I’m simplifying here, so don’t come at me if you’re a hymnologist. But my Church Hymnody course in undergrad was one of the best in my program, and I’ve thanked Calvin ever since for helping me get through every church service ever.
Confession: I just can’t do a church with poor music. I don’t mean “small church, zero talent, so Martha plays on Sundays and we’re thankful for her.” You go, Martha. I don’t want to attend your church, honestly, but I appreciate your service.
No, I’m talking big churches with the means to do music well, but it’s boring. Or badly skilled. But mostly just….dull. Trying too hard to be either hip or traditional. *sighs* That goes for the megachurch concert approach too. Dude. If I wanted someone to blast my ears with big power chords and soaring tunes, I’d follow U2 around for their world tours and throw in a few shows from every other famous band ever.
Maybe that’s unfair. I don’t know.
It’s my curse. I know it’s possible to do joyful, energetic, interesting worship services that invites everyone to sing, and I’ve got zero interest in doing church without it.
But honestly, one of the things that’s kept me from heading out on a scouting expedition to find a new church is that I can’t bring myself to mumble through a pile of songs I’ve never heard accompanied by a wailing guitar, an earnest 25-year-old on an acoustic, or a somber organ.
The music thing hits really close to home for me, and I’m going to be a recovering church musician for a long, long time.
Confessions of a recovering church musician
I stayed at my Evangelical church way longer than I “fit” there because I truly enjoyed the fellowship of my fellow musicians. We played well together. They were my band peeps, and I loved them for it. Genuinely. I miss them right now, and writing this post makes me sad. Giving my music to the church week after week helped keep me connected to the community of faith.
I’m also sad because, when the end came, it came because I wasn’t welcome back to their stage. I don’t blame them, since I think by that point everyone could tell I wasn’t in that camp anymore. But it’s a painfully Evangelical thing to rob someone of a gift they love to give because the Evangelical no longer agrees with the gift-giver.
When I can’t handle the suffocating blanket of organized religion, I can sing to God. I can give Him my songs. I can play for Him. I can play TO Him.
America really ought to get back into the corporate music thing. I guess we’re going to need something newer than Stephen Foster songs. Are the Beatles enough?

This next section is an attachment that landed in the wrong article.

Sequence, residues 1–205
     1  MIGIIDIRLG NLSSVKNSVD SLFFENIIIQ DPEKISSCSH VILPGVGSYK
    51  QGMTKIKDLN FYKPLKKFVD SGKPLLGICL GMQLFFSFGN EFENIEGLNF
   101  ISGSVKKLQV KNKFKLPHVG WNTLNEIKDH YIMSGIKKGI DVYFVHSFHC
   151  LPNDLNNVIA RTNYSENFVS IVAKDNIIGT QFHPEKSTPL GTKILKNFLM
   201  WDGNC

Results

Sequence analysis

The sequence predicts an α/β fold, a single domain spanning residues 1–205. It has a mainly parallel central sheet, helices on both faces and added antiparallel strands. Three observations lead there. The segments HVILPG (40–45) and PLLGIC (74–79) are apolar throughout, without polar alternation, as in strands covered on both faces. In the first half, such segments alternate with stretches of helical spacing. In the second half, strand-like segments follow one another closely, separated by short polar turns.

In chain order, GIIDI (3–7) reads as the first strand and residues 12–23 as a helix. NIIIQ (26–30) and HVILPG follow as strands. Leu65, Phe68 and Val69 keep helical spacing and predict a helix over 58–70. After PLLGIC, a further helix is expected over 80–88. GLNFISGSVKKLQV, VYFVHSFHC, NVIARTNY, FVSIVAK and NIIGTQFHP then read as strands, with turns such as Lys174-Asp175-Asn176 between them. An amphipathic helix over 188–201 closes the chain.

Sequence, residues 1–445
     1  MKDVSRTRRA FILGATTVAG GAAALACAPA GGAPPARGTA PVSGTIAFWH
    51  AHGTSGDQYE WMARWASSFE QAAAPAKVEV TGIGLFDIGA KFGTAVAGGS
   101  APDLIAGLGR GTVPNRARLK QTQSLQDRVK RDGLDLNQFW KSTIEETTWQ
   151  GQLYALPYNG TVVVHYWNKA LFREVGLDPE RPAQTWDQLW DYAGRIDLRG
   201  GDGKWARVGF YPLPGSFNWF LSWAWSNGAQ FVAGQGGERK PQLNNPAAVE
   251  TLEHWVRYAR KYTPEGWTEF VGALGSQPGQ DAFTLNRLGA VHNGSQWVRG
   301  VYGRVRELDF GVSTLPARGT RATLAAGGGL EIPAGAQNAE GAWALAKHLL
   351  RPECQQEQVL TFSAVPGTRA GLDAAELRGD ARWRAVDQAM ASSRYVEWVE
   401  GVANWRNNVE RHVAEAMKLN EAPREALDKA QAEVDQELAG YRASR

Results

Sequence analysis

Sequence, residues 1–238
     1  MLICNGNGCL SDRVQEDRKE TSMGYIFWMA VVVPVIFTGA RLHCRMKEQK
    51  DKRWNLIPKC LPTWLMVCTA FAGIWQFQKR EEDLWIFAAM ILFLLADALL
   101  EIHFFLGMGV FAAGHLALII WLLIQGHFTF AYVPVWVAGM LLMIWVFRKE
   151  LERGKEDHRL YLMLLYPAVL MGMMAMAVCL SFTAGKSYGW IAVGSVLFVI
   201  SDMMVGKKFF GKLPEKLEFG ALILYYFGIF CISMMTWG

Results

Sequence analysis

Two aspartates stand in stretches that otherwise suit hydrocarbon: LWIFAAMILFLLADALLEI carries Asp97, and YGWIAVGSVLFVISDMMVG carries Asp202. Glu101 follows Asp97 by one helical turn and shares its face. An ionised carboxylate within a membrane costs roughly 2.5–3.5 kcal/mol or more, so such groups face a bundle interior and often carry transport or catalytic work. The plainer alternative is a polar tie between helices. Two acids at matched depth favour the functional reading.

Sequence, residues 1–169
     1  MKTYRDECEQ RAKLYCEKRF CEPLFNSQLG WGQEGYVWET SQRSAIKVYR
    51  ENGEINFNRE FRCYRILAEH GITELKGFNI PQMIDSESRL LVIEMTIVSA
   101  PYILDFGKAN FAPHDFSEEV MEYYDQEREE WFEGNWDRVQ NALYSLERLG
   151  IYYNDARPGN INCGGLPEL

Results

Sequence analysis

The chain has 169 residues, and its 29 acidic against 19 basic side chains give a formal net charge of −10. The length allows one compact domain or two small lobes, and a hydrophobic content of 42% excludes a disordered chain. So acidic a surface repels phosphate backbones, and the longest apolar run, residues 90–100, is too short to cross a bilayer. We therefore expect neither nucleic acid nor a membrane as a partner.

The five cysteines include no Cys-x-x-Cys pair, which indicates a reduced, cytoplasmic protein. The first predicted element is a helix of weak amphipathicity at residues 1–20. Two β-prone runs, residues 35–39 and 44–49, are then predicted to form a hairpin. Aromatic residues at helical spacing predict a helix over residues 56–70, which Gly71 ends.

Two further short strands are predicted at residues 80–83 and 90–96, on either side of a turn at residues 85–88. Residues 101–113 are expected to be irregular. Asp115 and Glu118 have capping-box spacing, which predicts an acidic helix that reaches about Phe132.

I haven’t touched a piano since July 2016, the last time I played for corporate worship at NCC. Not even to play for weddings. Like everything else in Evangelicalism, that too is tribal. When you’re out, you’re really and fully out.
I sense how this is deeply and personally tragic, like someone knocked me out and amputated a limb without asking first. But now that it’s gone, I cannot drum up any interest in going back to the grind of rehearsals and early Sunday mornings. I have zero desire to hire on as an underpaid musician at a church of any flavor. And believe me, they are ALL underpaid.
If you’re in a church somewhere, and you’re reading this, and your church musician(s) are good at what they do, please make sure they get compensated somehow. Please. Give them a Christmas bonus. Argue for them to get a monthly stipend or a quarterly perk. Church musicians are hardworking people, and music is expensive.
This post is part of a meandering series about why I left Evangelicalism and the aftermath. You can find the first post here.
I know this is going to sound crazy, but I ran across this slow-fry recipe for making French fries at home a couple years ago, and it’s honestly THE BEST for that one time a year you think, “Hey, I’m going to throw caution and wisdom to the side and actually fry these frozen potato sticks.”
In essence, you dump cold, frozen french fries into a deep pot (I use a thin T-Fal 4-quart pot that I also use for making pasta, because it’s sturdy enough to work well but thin enough to transfer the heat quickly). Cover the fries with oil, preferably with an extra inch of oil above the fries. (I’ve done it with less in a pinch.) Turn the heat to medium and walk away for about 15 minutes.
From there, you’ll stir the fries occasionally for the next 20-30 minutes as they cook through. Once they’re cooked, crank the heat up to medium high and leave them alone for 10-15 minutes to brown thoroughly and get crispy.
Pull them out (I use tongs) onto paper-toweled racks or baking sheets and salt them. They end up crunchy and delicious, without spattering grease all over the kitchen (the normal outcome of throwing cold food into a hot fryer). De-lish!
PS. You can usually get more than one fry-session out of the oil, unless you’ve got weird potatoes coated in seasoning or whatever. Let the oil cool off on the back of the stove, and later that night (or the next morning), use a funnel to pour the clean oil back into your oil bottle. Leave the bottom layer, because the fry bits will have settled.
As long as you didn’t scorch the fries, you can get another round of frying out of that oil. It’ll be a darker color, but it’s perfectly fine for a second batch.
PPS. This is a great recipe to pair with my favorite Belgian beef stew, using this recipe … which ranked as one of my favorite discoveries of 2014. Our local Belgian pub, The Trappe Door (oh how I love them!), serves their flemandes stew with crunchy fries and fry sauces, and it’s lovely.
I just learned that a friend of a friend has passed away, a man with a brilliant mind in a broken body. I’d met him only a few times, but my friend could barely speak of the disease that had chewed through his friend’s life before the man had even reached 35.